That is not to say that freedom of expression is not important. But we should respect the right to free speech, not like someone who guards a lamb, but like someone who releases a hawk. Words are the tools we use to construct governments and societies, and the ones we use to fix it when it is broken. Therefore we give free speech sovereignty over the law. This does not mean we give people license to say anything without consequence. When we use our words to criticize another person’s words, we are using them exactly they way they should be used. Words are like diamonds. We use them to cut each other, because no other tool is up to the job.

As someone who criticizes your critics, you are not a defender of free speech. You are simply a user of it, and your critics no less so. You are both sparring on equal terms under the law. And, for the record, if your critics do someday put you out of business, it will not be because they are against the game of social discourse. They’ll just have won it. A boxer who claims his victorious opponent is trying to ban tournaments isn’t making an insightful point, but being ridiculous and a sore loser.

You make your living off of the words you say. Respect the power of your tools.


Flygirl, by Sherri L. Smith


What It’s About

Ida Mae Jones, a light skinned Black woman, passes as white in order to join the Women’s Airforce Service Pilots, or WASP, in WWII.

Why I Think You’d Like It

Because it’s everything historical fiction should be. The research is excellent, and Sherri L. Smith includes a cool postscript on what real world events inspired various scenes in the novel. The story is moving and emotionally real, but it isn’t just about angst and difficult choices. It’s about female friendships, fulfilling dreams, being part of a cause you believe in, and the sheer joy of flying.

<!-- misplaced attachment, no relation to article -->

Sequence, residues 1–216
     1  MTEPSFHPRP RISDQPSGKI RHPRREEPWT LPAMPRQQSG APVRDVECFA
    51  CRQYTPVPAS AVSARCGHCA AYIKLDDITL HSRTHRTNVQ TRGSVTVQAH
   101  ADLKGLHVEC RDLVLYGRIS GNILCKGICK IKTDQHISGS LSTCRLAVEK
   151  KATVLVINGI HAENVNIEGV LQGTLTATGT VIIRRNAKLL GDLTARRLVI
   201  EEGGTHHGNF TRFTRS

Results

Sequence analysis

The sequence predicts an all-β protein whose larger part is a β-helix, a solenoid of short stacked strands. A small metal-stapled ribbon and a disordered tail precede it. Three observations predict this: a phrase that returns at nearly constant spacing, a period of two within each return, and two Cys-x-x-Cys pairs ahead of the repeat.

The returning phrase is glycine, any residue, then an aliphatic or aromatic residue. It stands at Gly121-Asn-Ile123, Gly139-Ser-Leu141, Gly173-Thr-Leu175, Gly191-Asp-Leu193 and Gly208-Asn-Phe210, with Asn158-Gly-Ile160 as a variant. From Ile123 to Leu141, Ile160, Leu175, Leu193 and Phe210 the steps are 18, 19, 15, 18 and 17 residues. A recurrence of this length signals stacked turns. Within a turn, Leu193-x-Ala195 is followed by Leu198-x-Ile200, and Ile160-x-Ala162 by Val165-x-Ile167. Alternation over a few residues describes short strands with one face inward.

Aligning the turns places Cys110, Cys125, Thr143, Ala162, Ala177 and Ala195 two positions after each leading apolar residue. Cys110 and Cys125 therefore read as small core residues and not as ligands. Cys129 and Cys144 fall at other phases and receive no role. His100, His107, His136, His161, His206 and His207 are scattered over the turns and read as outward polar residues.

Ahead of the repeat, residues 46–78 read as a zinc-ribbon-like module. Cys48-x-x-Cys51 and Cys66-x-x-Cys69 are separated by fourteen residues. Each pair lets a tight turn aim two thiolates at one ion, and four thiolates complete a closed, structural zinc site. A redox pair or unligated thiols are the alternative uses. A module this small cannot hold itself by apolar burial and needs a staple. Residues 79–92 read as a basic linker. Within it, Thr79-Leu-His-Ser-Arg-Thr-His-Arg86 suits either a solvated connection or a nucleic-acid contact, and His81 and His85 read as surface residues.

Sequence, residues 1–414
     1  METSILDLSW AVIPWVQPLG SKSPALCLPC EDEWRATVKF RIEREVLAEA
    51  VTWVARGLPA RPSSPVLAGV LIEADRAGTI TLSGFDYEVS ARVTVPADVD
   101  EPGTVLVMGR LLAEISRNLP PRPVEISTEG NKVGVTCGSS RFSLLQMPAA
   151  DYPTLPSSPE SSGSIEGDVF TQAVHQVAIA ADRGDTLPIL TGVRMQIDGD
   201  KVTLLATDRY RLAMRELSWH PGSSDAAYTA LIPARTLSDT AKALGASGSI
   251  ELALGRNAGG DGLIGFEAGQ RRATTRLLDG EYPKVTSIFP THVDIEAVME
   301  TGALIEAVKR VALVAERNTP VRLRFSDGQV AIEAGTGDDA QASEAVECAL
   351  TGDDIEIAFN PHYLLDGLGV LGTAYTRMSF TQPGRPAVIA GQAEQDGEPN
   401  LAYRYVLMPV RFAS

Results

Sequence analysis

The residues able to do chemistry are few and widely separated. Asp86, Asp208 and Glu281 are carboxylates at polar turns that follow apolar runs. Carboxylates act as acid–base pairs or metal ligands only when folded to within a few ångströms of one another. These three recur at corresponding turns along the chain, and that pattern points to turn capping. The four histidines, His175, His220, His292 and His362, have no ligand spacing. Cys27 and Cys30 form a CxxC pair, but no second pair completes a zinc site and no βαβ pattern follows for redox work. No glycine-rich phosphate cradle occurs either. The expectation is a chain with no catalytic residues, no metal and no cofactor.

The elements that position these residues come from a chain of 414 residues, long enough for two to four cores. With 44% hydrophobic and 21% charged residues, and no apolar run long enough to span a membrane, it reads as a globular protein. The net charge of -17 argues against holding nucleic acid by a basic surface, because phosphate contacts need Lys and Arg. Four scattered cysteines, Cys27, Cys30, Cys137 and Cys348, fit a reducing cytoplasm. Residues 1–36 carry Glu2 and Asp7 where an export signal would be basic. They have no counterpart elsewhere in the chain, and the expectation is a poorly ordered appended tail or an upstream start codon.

I loved both Ida Mae and all the supporting characters. She bonds with a couple of other quirky misfit girls and they support each other through flight school. She also has a close relationship with her father and brothers, as well as an interesting, tense relationship with her mother, who is afraid Ida Mae will abandon them for a life of passing for white full-time. The complexity of their relationship is raw and relatable. I love how you are made to see both of their points of view. In fact, while there are a few characters who are just straightforward villains, most of the time you can see both sides of a conflict, and feel for everyone involved.

It’s also one of those stories that absolutely needed to be told from within the group. I’ve seen a lot of passing-for-privileged narratives, for all kinds of identities, written from someone of the privileged group, and they’re usually crap. I’d honestly gotten pretty sick of them, but Sherri L. Smith shows how poignant and thought provoking these stories can be when an insider chooses to tell them.

It took me to another time and place, put me through an adventure, and left me thinking about the issues and problems it raised. What more could you ask for?

Content Warnings

Racism towards some of the main characters, or witnessed by them. Otherwise it is fairly tame; the work the WASP do is dangerous, but they aren’t involved in anything gory or graphic.

Pashmina, by Nidhi Chanani


What It’s About

Priyanka, daughter of an Indian single mother, uncovers the story of her past with the help of a magical pashmina.

Why I Think You’d Like It

It’s a beautiful, expressively illustrated graphic novel that is simultaneously simple and profound. With a fairly straightforward story, ideas about love, home, choice, family and the price of dreams were interwoven beautifully and naturally. I was carried from cover to cover in less than a day.

I liked Priyanka a lot. She was a relatable teen girl; good at heart but full of questions and insecurities that she sometimes handles poorly. Her most interesting relationships were between her and various elders, and there wasn’t a simplistic mentor/mentee relationship with any of them. They all had struggles understanding her, she had questions that none of them had perfect answers to, and they still had wisdom to offer her. I was one of those dreamy kids who got on better with adults, and her relationships felt honest on a level that not a lot of authors have captured.

Also, as a fantasy geek, I loved how seamlessly the magic integrated with the real world. It almost felt like magical realism, which I have a serious weakness for; if you liked stories like Beasts of the Southern Wild you will probably love this. I will definitely be looking out for more books by Nidhi Chanani!